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5.) Short and sweet. No one wants their important email skimmed over. You’re taking the time to compose something special but if you write TOO much, face it, it’ll get a quick once-over if it’s read at all. Microsoft found that since the year 2000 (or about when the mobile revolution began) the average attention span dropped from 12 seconds to eight seconds. To reduce the risk of skimming, focus your email on THEM first, then YOU, eliminating any unnecessary details. I recommend keeping most emails at 3-4 paragraphs with 1-3 sentences per paragraph. See #2, above.

6.) Be kind. When you’re speaking in person, your body language shares what may be behind your words, passion, energy, self confidence… but those important additives are lost in mail. Your writing tone may be misinterpreted as bored, demanding or rude. Remember you’re building a business relationship so be yourself and be professional. You don’t have to be stiff but too much informality may make you come across as flippant. Watch your use of exclamation points, emoticons, colored text, fancy fonts, and SMS shorthand – in fact, if you don’t know the person, don’t use them at all. Also don’t write questions that sound like your recipient is being interrogated, “Why didn’t you open my last email?” or “Have you looked at my portfolio yet? I’ve been waiting for three weeks and I’d like to know what you think, already!”. I know this sounds obvious but you’d be surprised.

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7.) Who is this? Avoid sending a professional email from an unprofessional email account. Anything cutesy, sexy, vulgar, or nonsensical will set a negative tone from the get-go. If you insist on keeping “,” create a separate account strictly for your business emails.

8.) What do you want? “Hi Andrea, my name is Kim and I love what you do with DABI. I’m an artist’s assistant and see so much of what you write about in the way they handle (or don’t handle) their business. I look forward to your next article. Bye, Kim.” What does Kim want?  Just to say, “hey” and offer her support?  Cool!  You’re not Kim.  You’re writing to PROCUR something! You want an interview, an appointment, a resource or connection and if you don’t ask, you don’t get. Make sure you know WHY you’re writing and verbalize it with a Call to Action. Tell them what you want (without being demanding) and ask them how they’d like to proceed.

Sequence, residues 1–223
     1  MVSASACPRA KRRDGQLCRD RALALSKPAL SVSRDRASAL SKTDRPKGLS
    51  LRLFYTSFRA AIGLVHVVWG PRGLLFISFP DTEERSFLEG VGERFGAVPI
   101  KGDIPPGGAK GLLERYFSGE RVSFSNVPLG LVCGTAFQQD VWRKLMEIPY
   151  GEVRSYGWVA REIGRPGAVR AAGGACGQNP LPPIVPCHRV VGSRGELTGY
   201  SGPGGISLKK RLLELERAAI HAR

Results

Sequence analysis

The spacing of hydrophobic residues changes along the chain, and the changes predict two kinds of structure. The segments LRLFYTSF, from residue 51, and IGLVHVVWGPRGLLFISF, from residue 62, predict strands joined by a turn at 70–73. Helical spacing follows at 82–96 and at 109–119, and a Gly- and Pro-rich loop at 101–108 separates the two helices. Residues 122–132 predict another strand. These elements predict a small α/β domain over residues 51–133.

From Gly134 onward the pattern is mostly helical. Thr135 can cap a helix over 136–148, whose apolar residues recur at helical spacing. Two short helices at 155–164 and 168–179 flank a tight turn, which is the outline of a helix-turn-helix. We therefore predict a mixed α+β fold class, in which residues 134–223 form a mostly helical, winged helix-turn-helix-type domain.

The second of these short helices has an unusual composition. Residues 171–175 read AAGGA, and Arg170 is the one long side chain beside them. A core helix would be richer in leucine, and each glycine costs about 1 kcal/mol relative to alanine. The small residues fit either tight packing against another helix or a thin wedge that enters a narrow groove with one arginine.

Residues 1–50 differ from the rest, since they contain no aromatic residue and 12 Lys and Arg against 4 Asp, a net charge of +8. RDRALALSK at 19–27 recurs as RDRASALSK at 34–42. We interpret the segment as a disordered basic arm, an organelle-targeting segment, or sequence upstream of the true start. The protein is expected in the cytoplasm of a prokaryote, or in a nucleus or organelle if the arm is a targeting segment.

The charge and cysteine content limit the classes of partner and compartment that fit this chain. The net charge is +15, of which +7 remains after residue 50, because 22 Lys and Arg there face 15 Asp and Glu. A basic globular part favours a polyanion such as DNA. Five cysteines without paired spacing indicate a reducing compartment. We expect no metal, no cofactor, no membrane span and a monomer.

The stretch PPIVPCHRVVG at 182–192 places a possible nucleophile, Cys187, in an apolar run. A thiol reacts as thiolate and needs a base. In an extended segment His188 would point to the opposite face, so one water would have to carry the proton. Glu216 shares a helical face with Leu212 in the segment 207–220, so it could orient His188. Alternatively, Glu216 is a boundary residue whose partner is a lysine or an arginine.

9.) Font U. Purple Comic Sans is fabulous, somewhere — but for business correspondence keep your fonts, colors, and sizes classic. The cardinal rule: Your emails should be easy for other people to read. Generally, it is best to use 10- or 12-point type and an easy-to-read font such as Arial, Calibri, or Times New Roman. I, personally love Avenir so I use that for my emails. As for color, black is the safest choice. You can test it by sending an email to yourself first to view.

10.) Don’t forgetaboutit! If you say you’re attaching a file, don’t FORGET to attach it!  How embarrassing is it to have to send a follow up, “EEP!” email? Been there, done that.

11.) The sign-off. Leave the reader with a good impression. Your signature depends on the email’s content and who you’re writing to.  Sometimes “Thank you” is sufficient but sometimes, “Warm regards” or “Best”, is better.  And if you insist on a pithy quote, make it short and relevant to your business.

12.) Persistence. Follow up when you said you would with an even shorter, more concise email or better yet, call!

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Andrea Bio Pic-round

~Andrea Rosenfeld
Artist, Creative Business Advisor & Startup Founder


Your thoughts? How confident are you writing professional emails? Have you ever had a mishap or miscommunication?